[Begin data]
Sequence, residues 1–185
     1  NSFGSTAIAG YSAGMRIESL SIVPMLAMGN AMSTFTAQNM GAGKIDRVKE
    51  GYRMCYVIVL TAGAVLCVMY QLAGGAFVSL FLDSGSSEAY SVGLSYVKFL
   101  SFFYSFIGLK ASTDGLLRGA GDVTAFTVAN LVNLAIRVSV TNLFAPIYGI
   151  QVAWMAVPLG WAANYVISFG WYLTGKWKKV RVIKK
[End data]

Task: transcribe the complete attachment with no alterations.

Sequence, residues 1–185
     1  NSFGSTAIAG YSAGMRIESL SIVPMLAMGN AMSTFTAQNM GAGKIDRVKE
    51  GYRMCYVIVL TAGAVLCVMY QLAGGAFVSL FLDSGSSEAY SVGLSYVKFL
   101  SFFYSFIGLK ASTDGLLRGA GDVTAFTVAN LVNLAIRVSV TNLFAPIYGI
   151  QVAWMAVPLG WAANYVISFG WYLTGKWKKV RVIKK